Sunday, 5 November 2017

When Jesters wear the Crowns




When it comes to being an author, I fall into two much stigmatised categories, that of being a self published author and, heaven forbid, an author of erotica. Five years on and five books published, I’ve learned to ignore those knowing smiles the moment you say ‘self published’ or ‘erotic’ knowing they’ve judged me as a writer and my work without ever having read it.
My heart often went out to E. L. James who was subjected to thousands of nasty comments about her Fifty Shades trilogy and her writing, which I myself rather enjoyed. I was a little aggrieved that much of the criticism came from other authors, having believed we’re in this together and should be supporting one another, our fellow writer, our creative peer. I’m sure as she watched her bank account grow, and sold over 120 million books worldwide, she didn’t take too many of these critiques to heart.
Thankfully, I also have a wonderful following of readers who don’t seem to mind if I publish my own books or write some steamy, explicit sex scenes into my suspenseful plots, full of twists and turns, and filled with multi-layered characters. In fact, other than having a rather narcissistic love of my own work, the only other opinions that matter to me, are those of the many readers who have told me how much my stories mean to them. I cherish their support and encouragement, as well as their very kind words. To everyone else, I have a poem I’ve written that fairly sums up my own thoughts. It’s called:
When Jesters wear the crowns
Dismount your literary high horse and rest your overused behind.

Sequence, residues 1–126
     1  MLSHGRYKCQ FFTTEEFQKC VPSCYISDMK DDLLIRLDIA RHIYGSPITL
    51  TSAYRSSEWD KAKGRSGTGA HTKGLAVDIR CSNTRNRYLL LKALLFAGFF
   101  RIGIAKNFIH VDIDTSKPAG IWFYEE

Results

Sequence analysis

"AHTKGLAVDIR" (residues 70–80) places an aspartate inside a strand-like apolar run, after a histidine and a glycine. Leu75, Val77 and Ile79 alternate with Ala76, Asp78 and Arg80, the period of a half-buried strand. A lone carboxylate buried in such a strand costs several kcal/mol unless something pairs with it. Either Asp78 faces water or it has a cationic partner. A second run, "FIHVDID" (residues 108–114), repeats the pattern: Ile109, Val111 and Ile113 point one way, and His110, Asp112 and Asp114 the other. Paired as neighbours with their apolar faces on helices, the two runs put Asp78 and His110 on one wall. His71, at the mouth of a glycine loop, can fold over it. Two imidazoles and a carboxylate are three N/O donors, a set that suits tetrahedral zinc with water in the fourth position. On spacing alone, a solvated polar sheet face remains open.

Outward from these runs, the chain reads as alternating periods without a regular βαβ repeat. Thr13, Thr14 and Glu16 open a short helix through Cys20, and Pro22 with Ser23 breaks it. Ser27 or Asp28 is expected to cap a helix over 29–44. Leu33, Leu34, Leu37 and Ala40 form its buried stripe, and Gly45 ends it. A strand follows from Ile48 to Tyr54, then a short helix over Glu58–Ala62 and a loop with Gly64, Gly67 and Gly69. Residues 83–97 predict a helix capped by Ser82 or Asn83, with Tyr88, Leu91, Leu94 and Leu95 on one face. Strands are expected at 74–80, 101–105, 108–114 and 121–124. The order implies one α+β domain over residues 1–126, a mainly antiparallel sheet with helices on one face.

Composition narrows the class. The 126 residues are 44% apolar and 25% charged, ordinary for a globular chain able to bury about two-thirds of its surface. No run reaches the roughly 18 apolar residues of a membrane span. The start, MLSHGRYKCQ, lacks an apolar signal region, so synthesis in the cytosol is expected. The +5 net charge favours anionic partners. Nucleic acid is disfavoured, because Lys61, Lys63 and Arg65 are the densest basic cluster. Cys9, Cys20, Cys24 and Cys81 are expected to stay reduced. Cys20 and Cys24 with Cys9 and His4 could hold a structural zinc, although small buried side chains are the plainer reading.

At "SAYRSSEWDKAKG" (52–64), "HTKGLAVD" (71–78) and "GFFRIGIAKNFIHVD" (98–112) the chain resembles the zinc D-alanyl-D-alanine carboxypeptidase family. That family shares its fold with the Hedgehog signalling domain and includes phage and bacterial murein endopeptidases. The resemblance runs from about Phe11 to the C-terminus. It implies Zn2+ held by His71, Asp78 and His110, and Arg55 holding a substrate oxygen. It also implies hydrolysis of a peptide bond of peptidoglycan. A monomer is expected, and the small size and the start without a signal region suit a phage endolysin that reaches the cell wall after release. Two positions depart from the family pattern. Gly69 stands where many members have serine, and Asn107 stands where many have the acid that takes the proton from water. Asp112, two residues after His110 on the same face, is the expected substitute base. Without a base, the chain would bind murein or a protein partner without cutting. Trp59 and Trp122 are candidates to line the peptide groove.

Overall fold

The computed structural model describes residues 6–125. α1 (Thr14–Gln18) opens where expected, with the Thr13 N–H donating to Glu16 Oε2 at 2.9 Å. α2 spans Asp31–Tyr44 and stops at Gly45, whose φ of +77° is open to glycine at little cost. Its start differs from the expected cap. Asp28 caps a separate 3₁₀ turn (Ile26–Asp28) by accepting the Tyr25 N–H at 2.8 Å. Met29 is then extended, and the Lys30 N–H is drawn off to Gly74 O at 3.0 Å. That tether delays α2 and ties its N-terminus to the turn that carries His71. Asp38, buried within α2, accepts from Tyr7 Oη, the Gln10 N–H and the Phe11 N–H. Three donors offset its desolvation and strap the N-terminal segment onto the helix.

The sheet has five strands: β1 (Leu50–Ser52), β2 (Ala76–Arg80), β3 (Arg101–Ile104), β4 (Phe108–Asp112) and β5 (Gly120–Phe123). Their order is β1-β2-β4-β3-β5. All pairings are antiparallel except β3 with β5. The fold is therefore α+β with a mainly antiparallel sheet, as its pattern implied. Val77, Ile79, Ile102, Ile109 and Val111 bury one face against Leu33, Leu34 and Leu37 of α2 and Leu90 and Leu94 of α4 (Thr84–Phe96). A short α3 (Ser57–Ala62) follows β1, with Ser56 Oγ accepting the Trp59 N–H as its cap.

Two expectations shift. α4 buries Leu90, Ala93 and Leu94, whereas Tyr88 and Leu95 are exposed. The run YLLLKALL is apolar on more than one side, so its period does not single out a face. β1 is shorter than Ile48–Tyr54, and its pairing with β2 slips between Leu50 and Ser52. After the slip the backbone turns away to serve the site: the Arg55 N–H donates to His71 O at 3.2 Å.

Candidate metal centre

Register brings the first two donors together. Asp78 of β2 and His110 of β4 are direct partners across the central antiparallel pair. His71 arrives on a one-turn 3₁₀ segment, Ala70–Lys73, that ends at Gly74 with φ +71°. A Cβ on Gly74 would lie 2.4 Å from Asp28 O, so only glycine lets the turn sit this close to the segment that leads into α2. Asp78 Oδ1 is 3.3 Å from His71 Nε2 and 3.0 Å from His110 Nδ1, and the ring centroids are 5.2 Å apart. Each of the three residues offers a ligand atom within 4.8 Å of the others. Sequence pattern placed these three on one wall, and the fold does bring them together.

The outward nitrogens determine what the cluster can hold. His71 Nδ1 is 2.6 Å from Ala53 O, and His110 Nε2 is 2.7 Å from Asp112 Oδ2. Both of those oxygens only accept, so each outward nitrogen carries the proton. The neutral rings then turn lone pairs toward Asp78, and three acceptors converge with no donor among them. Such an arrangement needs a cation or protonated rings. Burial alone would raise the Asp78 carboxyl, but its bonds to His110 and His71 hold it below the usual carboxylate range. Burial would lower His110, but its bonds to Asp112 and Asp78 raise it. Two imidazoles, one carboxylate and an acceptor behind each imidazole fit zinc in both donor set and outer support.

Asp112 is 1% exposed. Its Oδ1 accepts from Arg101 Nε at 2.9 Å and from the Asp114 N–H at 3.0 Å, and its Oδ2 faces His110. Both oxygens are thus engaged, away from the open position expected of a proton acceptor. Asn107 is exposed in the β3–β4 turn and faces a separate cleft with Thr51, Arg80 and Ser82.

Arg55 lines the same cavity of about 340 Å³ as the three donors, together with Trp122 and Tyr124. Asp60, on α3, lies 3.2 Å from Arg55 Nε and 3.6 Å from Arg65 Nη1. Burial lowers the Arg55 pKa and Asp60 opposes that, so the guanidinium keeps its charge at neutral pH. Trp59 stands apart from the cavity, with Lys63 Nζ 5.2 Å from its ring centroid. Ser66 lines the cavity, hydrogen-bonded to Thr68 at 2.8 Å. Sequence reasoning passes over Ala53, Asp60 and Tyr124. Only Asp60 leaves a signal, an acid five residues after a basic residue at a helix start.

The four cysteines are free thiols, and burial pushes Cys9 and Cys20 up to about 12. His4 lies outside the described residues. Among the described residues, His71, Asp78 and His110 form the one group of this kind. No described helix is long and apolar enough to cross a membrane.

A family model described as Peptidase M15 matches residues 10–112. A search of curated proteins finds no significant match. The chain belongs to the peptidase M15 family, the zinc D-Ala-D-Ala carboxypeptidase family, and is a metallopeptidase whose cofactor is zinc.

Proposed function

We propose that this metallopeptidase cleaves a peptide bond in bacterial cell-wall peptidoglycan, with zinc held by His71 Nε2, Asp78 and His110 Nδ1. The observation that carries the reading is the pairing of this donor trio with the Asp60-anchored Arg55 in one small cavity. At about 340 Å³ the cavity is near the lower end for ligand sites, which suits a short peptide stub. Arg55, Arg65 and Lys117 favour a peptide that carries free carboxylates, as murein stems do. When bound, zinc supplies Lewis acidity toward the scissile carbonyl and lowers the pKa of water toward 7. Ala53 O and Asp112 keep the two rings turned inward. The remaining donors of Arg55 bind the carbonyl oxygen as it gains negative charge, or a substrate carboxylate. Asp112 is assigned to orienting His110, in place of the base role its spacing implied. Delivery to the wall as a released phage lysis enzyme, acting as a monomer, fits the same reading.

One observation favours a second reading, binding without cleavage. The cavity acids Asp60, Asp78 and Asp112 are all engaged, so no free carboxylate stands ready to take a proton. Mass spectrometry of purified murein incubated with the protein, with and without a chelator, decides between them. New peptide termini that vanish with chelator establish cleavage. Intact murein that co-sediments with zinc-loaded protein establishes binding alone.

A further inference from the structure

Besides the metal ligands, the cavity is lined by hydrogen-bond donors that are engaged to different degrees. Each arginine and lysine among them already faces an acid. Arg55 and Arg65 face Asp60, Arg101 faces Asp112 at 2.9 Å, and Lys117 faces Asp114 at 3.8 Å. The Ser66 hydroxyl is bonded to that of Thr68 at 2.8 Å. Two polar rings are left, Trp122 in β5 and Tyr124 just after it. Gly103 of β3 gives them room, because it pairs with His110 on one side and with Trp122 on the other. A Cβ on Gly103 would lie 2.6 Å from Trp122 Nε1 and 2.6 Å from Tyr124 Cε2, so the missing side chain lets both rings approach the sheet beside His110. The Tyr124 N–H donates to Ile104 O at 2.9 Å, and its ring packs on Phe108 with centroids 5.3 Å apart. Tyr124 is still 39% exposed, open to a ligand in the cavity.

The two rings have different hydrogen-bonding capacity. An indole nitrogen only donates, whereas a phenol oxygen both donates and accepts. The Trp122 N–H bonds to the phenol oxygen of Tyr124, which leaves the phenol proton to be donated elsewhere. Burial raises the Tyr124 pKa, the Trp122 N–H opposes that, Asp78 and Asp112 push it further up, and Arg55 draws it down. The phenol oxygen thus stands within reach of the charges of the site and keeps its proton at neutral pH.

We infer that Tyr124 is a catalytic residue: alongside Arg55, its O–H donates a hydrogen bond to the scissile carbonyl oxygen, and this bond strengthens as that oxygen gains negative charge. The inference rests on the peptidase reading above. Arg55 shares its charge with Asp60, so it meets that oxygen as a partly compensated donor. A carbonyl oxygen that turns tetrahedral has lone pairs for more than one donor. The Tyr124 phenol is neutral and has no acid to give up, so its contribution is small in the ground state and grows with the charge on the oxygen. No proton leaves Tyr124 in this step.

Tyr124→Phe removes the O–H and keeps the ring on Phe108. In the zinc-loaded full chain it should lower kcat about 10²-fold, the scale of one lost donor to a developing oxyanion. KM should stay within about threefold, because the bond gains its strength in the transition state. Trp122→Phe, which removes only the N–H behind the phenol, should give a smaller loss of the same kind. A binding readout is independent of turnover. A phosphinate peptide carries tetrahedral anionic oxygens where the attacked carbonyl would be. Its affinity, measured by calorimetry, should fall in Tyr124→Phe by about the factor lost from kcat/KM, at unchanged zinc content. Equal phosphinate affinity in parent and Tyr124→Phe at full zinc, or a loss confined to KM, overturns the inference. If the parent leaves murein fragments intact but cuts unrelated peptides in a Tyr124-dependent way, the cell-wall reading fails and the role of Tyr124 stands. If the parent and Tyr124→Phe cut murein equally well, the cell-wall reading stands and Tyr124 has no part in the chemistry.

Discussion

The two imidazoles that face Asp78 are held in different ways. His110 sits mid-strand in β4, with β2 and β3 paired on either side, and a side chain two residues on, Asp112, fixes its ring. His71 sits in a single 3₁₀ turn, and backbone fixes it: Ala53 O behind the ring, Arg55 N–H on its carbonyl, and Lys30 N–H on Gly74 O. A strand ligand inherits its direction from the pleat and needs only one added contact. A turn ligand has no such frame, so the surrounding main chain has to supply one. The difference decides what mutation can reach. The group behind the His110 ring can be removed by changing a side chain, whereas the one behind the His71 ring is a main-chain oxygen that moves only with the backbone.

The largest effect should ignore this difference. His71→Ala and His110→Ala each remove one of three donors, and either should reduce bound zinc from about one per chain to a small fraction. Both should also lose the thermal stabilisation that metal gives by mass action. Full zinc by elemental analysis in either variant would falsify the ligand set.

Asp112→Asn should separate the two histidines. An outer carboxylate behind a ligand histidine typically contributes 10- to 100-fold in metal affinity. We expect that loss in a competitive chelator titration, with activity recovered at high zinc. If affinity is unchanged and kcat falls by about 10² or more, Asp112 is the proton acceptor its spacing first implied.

It’s time for sober intercourse and not the enjoyable kind.
You scoffed at a fellow writer who wrote a story of romance.
A bit different from its rivals, but the Tango is still a dance.
And Fifty Shades of Grey, no matter how much plot it lacks,
“Terrible writing,” you might say, but let’s look at actual facts.
While your book may be esteemed among your peers of classic tomes,
Is it wilting in a library instead of worldwide readers’ homes?
Will your name be merely a footnote in some critique of writing history?
“Didn’t they write such and such?” But your work remains a mystery.
At Heaven’s table of great writers such as Dickens, Poe and Shelley,
E L James might be down the end but at least she fills her belly.
Especially with the sales she’s made, while your book still gathers dust.
O Author, your dictum should always be “In the reader we hope and trust.”
All that praise from the elites and their educated views,
Mean little to the readers and the stories which they choose.
If you’re writing to please the critics with your metaphors so grand,
And your eloquently written phrases and words no one understands,
You’ve forgotten what a story is, that first children’s book you read,
Which inspired your love of stories as you snuggled in your bed.
No deeper meaning or hyperbole, no societal commentary.
Just simply told narrations, making characters legendary.
“I’ve matured,” you might argue, “And my writing must be deep.”
But where does its value lie if it’s putting me to sleep?
Forgive me, literary writer, I mean no harm or disrespect,
I wish simply to remind you that pride oft makes us forget,
That we writers bare our souls when our thoughts are put to page,
Be it literary or whimsical, our stories are still upon a stage.
Readers have enough critique without authors being cruel,
Or lauding their credentials from some famous writing school.
One man’s trash might be a treasure, and those condescending frowns
Are just silly in a world, where jesters often wear the crowns.
There’s a need for every genre and the tales they impart
And the value of a story lies within the reader’s heart.
So stop looking down your noses and applaud your fellow scribe,
And we’ll all feel that much better without some bullshit diatribe.


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